Look ma, no hands

Kroger's autonomous car fleet heads to Houston for a new grocery delivery service

Kroger's self-driving cars are coming to Houston. Courtesy of Kroger

Hold on to your hats, Houston. Autonomous cars are hitting the streets this spring as Kroger rolls out its fleet of self-driving, grocery-delivery cars.

Two Houston Kroger locations will provide the service to four ZIP codes — 10306 South Post Oak Road, servicing 77401 and 77096, and 5150 Buffalo Speedway, servicing 77005 and 77025.

Kroger, along with California-based robotics company, Nuro, has been operating self-driving cars delivering groceries in Scottsdale. Arizona since August. According to the release, the service has delivered thousands of orders in the self-driving vehicles.

"We've seen first-hand in Arizona how enthusiastic customers are about getting their Kroger groceries delivered by a Nuro self-driving vehicle," says Nuro co-founder, Dave Ferguson, in a release. "Texas has been a leader in encouraging self-driving innovation, and we're excited to help deliver that future for Houston — a dynamic, diverse, and welcoming metropolitan city that we're excited to soon explore and serve with this autonomous delivery service."

The service costs a flat fee of $5.95, and users can order in the app or online for same-day or next-day delivery, seven days a week. The program will launch using Toyota Prius vehicles. Currently, the exact start date of the service hasn't been provided.

"Our Arizona pilot program confirmed the flexibility and benefits provided by autonomous vehicles and how much customers are open to more innovative solutions," says Yael Cosset, Kroger's chief digital officer, in a release. "It's always been our shared vision to scale this initiative to new markets, using world-changing technology to enable a new type of delivery service for our customers. We operate 102 stores in Houston—an energetic market that embraces digital and technology advancement. The launch is one more way we are committed to sustainably providing our customers with anything, anytime, and anywhere, the way they want it."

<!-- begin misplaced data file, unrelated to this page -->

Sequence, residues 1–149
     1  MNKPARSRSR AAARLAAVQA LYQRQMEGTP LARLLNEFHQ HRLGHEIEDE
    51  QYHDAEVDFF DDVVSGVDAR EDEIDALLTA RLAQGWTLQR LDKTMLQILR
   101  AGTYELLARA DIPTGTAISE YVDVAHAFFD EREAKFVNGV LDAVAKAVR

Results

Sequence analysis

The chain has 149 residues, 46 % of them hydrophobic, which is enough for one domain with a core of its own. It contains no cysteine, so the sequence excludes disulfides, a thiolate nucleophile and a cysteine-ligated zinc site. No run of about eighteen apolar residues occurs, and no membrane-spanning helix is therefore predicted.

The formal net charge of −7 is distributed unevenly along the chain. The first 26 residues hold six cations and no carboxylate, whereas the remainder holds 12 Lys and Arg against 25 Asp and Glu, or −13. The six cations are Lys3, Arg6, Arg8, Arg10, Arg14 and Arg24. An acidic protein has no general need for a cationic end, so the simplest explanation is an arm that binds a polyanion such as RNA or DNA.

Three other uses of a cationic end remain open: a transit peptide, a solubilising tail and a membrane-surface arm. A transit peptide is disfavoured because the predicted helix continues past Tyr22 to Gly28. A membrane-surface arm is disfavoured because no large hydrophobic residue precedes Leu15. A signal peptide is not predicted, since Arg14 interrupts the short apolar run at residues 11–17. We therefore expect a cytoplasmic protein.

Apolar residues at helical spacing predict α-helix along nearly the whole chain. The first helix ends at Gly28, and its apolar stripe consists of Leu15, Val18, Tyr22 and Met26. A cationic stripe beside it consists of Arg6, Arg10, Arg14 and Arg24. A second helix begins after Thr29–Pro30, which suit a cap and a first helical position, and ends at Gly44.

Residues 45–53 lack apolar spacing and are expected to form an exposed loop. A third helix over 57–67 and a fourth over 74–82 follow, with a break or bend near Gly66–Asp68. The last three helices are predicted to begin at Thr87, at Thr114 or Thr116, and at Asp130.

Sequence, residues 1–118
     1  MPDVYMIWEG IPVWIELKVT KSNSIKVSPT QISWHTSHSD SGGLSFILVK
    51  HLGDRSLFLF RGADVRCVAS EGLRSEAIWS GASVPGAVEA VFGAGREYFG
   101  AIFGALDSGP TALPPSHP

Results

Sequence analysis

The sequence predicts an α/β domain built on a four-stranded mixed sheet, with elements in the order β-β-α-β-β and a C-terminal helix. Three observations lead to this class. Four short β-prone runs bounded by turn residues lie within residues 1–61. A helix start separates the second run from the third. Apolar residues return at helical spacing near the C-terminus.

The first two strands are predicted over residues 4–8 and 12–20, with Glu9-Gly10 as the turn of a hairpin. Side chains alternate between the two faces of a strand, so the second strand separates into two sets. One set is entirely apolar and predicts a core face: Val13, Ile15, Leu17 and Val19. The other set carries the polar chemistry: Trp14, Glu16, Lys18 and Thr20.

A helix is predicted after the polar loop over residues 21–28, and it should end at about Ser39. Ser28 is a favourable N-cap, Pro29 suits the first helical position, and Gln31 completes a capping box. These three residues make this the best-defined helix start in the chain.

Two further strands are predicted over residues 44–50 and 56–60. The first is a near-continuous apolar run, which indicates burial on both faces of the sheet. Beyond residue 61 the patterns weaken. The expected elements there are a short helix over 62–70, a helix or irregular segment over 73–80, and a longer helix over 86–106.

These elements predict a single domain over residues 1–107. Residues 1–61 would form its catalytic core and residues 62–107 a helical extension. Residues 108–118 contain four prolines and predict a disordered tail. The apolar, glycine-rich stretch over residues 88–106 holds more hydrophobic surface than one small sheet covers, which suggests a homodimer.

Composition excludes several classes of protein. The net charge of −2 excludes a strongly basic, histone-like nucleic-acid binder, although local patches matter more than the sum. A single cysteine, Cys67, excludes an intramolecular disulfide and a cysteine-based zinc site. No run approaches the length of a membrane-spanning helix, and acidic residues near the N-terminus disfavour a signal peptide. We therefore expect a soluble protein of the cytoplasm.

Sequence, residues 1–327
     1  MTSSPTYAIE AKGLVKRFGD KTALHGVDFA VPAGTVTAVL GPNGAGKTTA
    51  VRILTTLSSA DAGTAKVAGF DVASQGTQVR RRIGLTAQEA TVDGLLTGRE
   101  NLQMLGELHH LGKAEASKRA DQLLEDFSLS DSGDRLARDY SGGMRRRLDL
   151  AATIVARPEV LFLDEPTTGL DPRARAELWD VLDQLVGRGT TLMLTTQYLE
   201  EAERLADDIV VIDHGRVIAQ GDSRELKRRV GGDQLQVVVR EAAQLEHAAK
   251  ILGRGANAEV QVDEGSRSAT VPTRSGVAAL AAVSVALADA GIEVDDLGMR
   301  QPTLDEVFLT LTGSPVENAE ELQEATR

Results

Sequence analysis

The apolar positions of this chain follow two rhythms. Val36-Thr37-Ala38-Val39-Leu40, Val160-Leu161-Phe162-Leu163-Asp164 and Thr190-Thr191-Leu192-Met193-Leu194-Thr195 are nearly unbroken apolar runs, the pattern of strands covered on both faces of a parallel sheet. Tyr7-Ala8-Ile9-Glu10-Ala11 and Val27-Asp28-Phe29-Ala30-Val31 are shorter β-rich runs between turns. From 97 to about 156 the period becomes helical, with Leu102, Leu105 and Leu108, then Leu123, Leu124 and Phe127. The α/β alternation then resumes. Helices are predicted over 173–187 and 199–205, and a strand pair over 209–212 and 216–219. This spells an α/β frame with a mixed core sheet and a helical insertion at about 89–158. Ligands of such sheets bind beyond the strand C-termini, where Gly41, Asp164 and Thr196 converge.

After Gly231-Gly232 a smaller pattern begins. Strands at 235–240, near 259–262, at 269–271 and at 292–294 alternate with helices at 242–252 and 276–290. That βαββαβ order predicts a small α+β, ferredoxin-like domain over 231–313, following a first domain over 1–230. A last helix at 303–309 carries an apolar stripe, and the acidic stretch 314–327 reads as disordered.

In January, the Texas Department of Transportation created the Connected and Autonomous Vehicle Task Force to focus on being a comprehensive resource for information on all Texas CAV projects, investments, and initiatives.

"With our world-class universities, top-notch workforce and startup culture, Texas is a national leader in the development of new technologies," says Gov. Greg Abbott in the release. "As transportation technology advances, the CAV Task Force will ensure that the Lone Star State remains at the forefront of innovation."

Courtesy of Kroger

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this one's for the ladies

Texas named a top state for women-led startups

A new report finds that the Lone Star State is ideal for female entrepreneurs. Photo via Getty Images

Who runs the world? According to Merchant Maverick's inaugural Best States for "Women-Led Startups'' study, Texas is a great place for women to be in charge.

The Lone Star state cracked the top 10 on the list, earning a No. 6 spot according to the small business reviews and financial services company, which based the study on eight key statistics about this growing segment of the economy. Colorado (at No. 1), Washington, Virginia, Florida, and Montana were the only states to beat out Texas on the rankings—leading the Merchant Maverick team to conclude that "the part of the country that lies west of the Mississippi is great for startups led by women entrepreneurs."

Women-led startups in Texas received $365 billion in VC funding in the last five years, the report found. This is the seventh largest total among U.S. states. Too, about 20 percent of Texans are employed at woman-led firms, which is the fifth highest percentage among states. Roughly 35 percent of employers in Texas are led by women.

A few other key findings that work in female founders' favor: The startup survival rate in Texas is nearly 80 percent. And a lack of state income tax "doesn't hurt either," the report says.

Still there are shortcomings. On a per capita basis, only 1.27 percent of Texas women run their own business. The average income for self-employed women is also relatively low ranking among states, coming in around $55,907 and landing at 31st among others.

This is not the first time Texas has been lauded as a land of opportunity for women entrepreneurs. A 2019 study named it the best state for business opportunities for women. Houston too has proven to support success for the demographic. The Bayou City was named in separate studies a best city for female entrepreneurs to start a business and to see it grow.

Still, as many findings have concluded, the realities of the pandemic loom for all startups and small business owners. The Merchant Maverick study was careful to add: "The pandemic has changed the economic landscape over the past year, and often for the worse.

"This means that not every metric may be able to accurately gauge how a state might fare amidst the pandemic," the report continues. "To help factor in COVID's impact, we included some metrics that take 2020 into account, but it will be a while until we get a full picture of the pandemic's devastation.""

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